The Sessions motion was political as well as ideological. It forced vulnerable Democratic incumbents into a potentially difficult vote heading into the last few weeks of a re-election campaign that will likely feature Republicans portraying Democrats as “pro-amnesty” for supporting programs like DACA.
Five Democrats, four of whom face difficult re-election fights this November, joined all 45 Republicans in voting yes: Kay Hagan (D-NC), Mary Landrieu (D-LA), Joe Manchin (D-WV), Mark Pryor (D-AR), and Jeanne Shaheen (D-NH). All but Manchin are up for re-election this year, and this vote could give them some political cover on the campaign trail while still giving Reid the exact number of votes he needs to squash the anti-immigration amendments.
The Senate passed the final version of the continuing resolution by a vote of 78 to 22.
The post Senate Rejects Last-Ditch Effort to Roll Back Immigration Reform appeared first on RH Reality Check.
The NFL has started a long-term partnership with two national domestic violence and sexual assault resource centers, according to a memo sent to league teams and staff on Friday.
The memo, sent by NFL Commissioner Roger Goodell, outlines a plan to support both the National Domestic Violence Hotline and the National Sexual Violence Resource Center. In addition, Goodell said that NFL staff will soon be required to participate in programming to educate them about domestic violence:
Starting within the next 30 days, all league and team personnel … will participate in education sessions on domestic violence and sexual assault. These initial sessions will begin to provide the men and women of the NFL with information and tools to understand and recognize domestic violence and sexual assault.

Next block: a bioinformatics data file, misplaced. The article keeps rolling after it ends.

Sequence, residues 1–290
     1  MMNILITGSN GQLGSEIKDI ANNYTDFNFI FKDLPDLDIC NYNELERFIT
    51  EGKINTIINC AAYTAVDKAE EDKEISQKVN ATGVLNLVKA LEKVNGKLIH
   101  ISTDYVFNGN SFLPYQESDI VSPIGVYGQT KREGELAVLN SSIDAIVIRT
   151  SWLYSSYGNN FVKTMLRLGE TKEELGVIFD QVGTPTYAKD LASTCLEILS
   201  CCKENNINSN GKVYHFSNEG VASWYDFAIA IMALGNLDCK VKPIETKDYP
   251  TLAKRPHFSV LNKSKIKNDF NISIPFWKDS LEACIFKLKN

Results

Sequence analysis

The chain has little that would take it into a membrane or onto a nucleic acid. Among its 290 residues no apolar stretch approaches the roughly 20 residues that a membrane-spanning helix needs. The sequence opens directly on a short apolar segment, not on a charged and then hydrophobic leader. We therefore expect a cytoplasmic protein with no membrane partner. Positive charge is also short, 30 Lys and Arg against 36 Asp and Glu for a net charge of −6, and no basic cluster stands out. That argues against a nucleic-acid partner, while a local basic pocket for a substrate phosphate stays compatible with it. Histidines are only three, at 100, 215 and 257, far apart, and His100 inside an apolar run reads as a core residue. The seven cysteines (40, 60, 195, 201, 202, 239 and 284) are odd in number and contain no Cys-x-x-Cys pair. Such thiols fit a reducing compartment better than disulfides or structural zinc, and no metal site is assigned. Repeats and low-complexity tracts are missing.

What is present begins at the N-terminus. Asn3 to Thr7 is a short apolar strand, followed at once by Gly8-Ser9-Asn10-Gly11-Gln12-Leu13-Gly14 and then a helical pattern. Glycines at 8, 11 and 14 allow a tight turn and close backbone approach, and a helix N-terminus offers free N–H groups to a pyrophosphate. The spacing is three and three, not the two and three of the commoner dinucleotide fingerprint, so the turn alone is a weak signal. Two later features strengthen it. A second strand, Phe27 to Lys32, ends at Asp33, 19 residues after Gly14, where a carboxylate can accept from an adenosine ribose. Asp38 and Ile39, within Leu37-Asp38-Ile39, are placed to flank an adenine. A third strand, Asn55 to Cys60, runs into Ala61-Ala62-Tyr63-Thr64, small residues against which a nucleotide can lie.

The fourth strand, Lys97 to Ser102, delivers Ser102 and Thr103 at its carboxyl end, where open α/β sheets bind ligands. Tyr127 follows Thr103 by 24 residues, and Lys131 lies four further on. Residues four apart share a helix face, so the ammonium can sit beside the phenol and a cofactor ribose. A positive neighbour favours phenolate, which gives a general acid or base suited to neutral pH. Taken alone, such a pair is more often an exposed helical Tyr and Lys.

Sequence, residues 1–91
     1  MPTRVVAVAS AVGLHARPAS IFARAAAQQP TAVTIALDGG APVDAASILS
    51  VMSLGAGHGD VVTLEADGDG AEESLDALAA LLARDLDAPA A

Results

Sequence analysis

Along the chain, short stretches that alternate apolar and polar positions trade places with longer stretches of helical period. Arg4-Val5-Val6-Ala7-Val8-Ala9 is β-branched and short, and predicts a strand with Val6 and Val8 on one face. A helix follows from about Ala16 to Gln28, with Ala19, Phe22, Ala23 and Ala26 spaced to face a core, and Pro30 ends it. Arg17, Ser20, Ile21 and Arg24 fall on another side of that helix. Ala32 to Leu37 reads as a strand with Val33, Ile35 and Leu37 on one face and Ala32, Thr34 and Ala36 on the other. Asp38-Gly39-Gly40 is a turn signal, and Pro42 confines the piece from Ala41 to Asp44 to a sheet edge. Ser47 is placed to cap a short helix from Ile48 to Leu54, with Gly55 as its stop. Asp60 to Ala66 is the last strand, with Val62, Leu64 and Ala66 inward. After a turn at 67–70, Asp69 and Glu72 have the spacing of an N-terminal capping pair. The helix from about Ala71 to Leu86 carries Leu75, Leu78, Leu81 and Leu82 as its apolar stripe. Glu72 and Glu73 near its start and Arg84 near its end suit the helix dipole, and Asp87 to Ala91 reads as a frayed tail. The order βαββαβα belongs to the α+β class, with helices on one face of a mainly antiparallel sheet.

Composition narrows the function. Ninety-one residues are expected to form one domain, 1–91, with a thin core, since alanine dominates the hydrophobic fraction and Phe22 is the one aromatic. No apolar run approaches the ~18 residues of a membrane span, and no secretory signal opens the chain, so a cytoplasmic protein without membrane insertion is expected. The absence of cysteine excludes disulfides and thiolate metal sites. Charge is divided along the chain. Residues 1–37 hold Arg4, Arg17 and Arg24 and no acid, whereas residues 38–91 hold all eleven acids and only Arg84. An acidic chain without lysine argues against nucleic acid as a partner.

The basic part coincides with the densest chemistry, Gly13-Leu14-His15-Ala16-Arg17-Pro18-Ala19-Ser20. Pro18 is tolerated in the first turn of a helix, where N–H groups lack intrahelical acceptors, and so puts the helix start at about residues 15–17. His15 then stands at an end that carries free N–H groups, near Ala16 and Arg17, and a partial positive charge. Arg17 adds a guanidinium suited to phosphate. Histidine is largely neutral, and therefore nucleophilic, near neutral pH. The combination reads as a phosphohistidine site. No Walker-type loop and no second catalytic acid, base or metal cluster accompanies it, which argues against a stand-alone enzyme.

The changes are in response to the controversy over recently fired Baltimore Ravens running back Ray Rice’s assault on his then fiancée, and the league’s initial neglect in handling the situation with the severity it deserved.
Goodell said that, according to the CEO of the National Domestic Violence Hotline, calls to the hotline increased by 84 percent immediately following the leak of a video depicting Rice attacking his fiancée.
Katie Ray-Jones, the hotline CEO, told the Huffington Post that following the public outcry over the Rice video, women who had never before identified their relationships as abusive started calling in asking for help. “We had an outpouring of women saying, ‘Oh my god, I didn’t realize this happened to other people.’ They thought they were living a life that was very unique to them.”
Ray-Jones also said that because of a lack of resources and staffing, the hotline was unable to answer many of the calls that came in. Annually, the hotline doesn’t answer over 77,000 calls because of a lack of resources.